A study on digital banking in 2020 showed that 78% of consumers globally now use at least one digital banking service, up from 68% in 2019. This trend was already well underway before the pandemic, but it was greatly accelerated when bank branches closed and the digital channel became the only option for consumers to perform banking tasks or connect with their banks. The study also found that the introduction of digital signatures has been a major driver of adoption, with 43% of consumers saying they would be more likely to use digital banking services if they could sign documents electronically. This is particularly relevant in the BFSI sector, where the need for physical signatures has traditionally been a barrier to digitization.
However, the increased usage of digital banking channels has coincided with a significant increase in fraud. Throughout the epidemic, the number of data breaches aimed at banks has increased. Because fraudsters are increasingly targeting digital banking users, banks and financial institutions must tighten their access management and update to current, advanced authentication methods in order to protect their clients’ transactions and sensitive data.
The use of passwords is still a persistent problem today. Password theft, along with dark-web distribution of stolen passwords (password dumping), is still the most common method fraudsters use to gain access to a user account. Consumers put themselves at risk when they use weak or recycled passwords, or compromise their own data security with unsafe behavior, such as sharing passwords. In addition, businesses need to ensure that their employees are using strong and unique passwords, and that these passwords are not being reused across multiple accounts. One way to address this issue is to use digital signatures instead of passwords for authentication. Digital signatures are more difficult to counterfeit than passwords, and they can be used to verify the identity of the person signing a document or transaction.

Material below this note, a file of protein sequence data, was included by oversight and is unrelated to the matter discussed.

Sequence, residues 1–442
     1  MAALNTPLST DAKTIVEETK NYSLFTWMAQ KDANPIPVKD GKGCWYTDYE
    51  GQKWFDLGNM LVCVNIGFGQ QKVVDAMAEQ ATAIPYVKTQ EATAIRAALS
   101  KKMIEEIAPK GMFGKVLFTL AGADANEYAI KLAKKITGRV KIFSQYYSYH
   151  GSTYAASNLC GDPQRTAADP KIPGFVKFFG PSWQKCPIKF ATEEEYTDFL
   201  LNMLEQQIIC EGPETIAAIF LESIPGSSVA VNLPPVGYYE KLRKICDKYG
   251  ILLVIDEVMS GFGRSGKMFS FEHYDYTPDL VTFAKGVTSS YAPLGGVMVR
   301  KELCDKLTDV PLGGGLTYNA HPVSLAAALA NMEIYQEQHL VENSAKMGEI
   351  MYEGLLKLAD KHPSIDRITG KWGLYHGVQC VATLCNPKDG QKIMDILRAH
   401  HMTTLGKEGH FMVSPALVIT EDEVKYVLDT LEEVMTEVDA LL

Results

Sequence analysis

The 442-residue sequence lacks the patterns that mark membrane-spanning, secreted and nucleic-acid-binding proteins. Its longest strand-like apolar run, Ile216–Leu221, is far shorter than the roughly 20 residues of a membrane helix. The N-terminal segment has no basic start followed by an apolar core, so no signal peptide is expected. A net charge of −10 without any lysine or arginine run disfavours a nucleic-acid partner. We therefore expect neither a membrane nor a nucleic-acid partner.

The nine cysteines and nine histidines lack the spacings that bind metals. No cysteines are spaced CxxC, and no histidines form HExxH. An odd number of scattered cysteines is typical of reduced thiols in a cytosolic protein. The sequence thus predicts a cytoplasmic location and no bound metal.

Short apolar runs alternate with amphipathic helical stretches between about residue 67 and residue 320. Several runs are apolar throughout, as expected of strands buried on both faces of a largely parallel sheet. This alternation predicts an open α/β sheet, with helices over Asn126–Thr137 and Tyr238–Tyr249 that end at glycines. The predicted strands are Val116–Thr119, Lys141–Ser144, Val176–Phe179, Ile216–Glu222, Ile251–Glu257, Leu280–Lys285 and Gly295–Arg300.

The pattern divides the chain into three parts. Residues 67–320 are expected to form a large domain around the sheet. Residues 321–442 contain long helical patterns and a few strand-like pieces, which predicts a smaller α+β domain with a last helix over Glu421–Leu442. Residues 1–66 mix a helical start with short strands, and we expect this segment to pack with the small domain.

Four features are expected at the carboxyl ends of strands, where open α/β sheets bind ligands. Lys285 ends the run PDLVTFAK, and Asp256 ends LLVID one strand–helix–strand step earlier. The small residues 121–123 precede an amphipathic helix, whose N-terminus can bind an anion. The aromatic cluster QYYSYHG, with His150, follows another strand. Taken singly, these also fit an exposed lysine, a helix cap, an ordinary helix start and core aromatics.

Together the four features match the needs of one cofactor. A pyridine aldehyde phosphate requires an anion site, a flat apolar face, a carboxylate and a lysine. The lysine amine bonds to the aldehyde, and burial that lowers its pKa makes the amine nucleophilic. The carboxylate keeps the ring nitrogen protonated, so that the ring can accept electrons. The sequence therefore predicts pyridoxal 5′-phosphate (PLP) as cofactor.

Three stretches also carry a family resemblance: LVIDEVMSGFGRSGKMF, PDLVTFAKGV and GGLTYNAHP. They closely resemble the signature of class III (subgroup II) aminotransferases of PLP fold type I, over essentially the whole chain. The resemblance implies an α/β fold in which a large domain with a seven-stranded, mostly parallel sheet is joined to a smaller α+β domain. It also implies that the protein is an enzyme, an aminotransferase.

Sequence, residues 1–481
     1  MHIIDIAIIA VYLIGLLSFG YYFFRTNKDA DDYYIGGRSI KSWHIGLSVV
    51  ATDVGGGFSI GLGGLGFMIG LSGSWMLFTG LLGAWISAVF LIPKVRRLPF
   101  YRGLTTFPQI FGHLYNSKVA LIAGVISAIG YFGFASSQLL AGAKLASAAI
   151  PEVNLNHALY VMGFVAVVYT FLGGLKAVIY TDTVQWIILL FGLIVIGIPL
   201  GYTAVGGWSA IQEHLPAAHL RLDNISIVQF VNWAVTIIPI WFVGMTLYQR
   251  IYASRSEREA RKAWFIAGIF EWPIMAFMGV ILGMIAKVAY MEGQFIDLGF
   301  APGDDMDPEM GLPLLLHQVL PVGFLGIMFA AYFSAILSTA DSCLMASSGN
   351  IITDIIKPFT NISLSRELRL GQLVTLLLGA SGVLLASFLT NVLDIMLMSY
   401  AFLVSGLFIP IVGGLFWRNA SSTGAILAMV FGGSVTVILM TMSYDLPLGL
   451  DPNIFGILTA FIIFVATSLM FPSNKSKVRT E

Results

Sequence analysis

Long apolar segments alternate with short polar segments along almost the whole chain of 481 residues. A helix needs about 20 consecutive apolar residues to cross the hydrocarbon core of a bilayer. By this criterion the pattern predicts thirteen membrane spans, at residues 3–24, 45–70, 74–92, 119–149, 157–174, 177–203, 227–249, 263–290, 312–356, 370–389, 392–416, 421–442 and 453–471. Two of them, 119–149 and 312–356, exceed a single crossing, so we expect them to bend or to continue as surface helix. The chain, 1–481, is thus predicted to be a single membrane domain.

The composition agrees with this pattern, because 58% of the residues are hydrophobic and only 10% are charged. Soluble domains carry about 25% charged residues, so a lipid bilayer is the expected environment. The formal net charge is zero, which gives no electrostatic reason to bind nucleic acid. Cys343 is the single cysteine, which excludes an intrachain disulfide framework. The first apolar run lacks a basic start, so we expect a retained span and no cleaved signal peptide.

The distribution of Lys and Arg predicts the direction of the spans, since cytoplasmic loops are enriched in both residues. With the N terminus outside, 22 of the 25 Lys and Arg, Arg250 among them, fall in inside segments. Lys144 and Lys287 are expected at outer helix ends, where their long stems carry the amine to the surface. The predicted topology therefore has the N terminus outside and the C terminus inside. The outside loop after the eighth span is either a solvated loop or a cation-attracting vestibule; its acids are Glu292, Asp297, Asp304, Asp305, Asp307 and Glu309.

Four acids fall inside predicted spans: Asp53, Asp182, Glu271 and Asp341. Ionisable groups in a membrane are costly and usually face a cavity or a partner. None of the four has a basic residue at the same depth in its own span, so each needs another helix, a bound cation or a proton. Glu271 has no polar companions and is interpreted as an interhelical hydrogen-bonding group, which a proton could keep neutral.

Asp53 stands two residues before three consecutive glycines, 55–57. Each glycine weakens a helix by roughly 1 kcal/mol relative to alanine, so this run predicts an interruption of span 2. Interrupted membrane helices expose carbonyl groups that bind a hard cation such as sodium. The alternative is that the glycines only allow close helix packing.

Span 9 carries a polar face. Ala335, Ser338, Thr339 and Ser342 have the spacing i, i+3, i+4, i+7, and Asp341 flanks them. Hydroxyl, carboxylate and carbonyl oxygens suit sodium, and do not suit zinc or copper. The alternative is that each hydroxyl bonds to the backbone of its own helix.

Furthermore, some financial services providers follow reactive rules, such as acting only after a fraud has occurred rather than preventing it in the first place.